ArtLab at the Lowe Art Museum offers students and faculty a unique opportunity to work closely together to present an exhibition to the general public. This semester, the focus of the exhibition is Japanese art and 13 students are collaborating with the director and chief curator at the museum, Brian Dursum.
The students have input throughout the entire process of creating the exhibition, from deciding on a title and theme to choosing the pieces to be displayed. The title of the exhibition this semester is “Adapting and Adopting; East Encounters West.”
Dursum enjoys leading the class because it gives students who are usually museum visitors the chance to have an active role in choosing exhibitions for the museum.
“I think it gives them an opportunity to actually think about art,” Dursum said.
The class is filled with students of majors ranging from art and art history to anthropology and architecture.
Senior Gabriella Vigoreaux, an art history major, recommends this class to people majoring outside of art.
“It’s fun to take a class on something where your hard work results in something tangible like that everybody can experience, like a museum exhibition,” she said.
The students begin the semester by deciding on which works from the museum’s permanent collection fit the year’s theme, and subsequently compiling research on each of the pieces. The students then have to write the information on labels and signs to be posted with the exhibition. All of this work must be completed before the installation of the exhibition can occur, which is scheduled for the end of April. The exhibition will open to the public in the first week of May, in coordination with Lowedown, the monthly event that the museum holds to encourage public interest in art.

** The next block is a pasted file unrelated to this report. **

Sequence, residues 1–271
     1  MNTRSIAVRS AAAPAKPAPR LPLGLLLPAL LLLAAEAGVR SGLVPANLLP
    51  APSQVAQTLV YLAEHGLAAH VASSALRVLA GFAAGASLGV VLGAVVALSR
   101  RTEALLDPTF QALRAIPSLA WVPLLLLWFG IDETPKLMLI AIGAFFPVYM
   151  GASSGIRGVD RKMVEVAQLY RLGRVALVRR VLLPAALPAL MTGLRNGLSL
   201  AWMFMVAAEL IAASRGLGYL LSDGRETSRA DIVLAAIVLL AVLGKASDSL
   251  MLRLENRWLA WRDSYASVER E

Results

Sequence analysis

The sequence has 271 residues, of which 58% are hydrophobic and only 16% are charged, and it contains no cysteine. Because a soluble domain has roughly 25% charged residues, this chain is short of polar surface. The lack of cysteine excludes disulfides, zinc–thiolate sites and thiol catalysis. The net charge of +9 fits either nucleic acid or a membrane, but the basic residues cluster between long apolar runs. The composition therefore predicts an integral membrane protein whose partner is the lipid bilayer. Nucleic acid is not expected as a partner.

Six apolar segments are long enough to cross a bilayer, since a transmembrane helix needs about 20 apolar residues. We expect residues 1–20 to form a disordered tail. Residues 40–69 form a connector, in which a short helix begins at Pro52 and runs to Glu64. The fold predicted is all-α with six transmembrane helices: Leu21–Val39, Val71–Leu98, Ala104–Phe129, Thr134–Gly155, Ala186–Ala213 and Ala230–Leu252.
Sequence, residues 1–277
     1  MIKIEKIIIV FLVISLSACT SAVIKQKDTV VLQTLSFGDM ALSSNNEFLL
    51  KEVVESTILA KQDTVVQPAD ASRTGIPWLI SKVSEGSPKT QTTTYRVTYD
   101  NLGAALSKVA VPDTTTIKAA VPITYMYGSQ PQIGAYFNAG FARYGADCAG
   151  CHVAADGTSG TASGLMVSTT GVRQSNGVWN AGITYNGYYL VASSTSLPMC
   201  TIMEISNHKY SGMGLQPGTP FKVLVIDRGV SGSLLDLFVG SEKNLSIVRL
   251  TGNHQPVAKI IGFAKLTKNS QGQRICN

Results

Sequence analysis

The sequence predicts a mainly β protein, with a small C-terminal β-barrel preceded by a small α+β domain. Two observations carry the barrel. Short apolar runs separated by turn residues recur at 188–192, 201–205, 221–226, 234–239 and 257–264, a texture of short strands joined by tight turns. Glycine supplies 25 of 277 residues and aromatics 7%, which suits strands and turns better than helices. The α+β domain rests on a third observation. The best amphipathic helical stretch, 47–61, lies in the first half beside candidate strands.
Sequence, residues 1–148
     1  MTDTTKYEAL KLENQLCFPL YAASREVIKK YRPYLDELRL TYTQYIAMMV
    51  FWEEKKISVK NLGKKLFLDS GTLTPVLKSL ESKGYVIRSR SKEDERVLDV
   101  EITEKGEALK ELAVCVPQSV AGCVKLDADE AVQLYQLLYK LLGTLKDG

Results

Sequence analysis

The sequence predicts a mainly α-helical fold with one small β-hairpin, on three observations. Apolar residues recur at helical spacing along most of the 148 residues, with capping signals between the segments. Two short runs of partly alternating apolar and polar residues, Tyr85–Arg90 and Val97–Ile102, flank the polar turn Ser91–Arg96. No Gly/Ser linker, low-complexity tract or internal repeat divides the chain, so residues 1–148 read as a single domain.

Andrew Simon, a senior who is also majoring in art history, appreciates the hands-on approach to the class.
“It gives me official authorship over something art historical and teaches me the inner workings of a museum,” said Simon.
The ArtLab classes are held every spring with a different theme every year. In the past the themes have been in areas of east and south Asia, and gender studies. Dursum recommends this class for students and faculty because it is innovative and gives people a new perspective on the pieces and exhibitions in the museum.
“All these projects that we undertake encourage faculty and students to interface in a more complete and meaningful way than would have been possible in the past,” he said.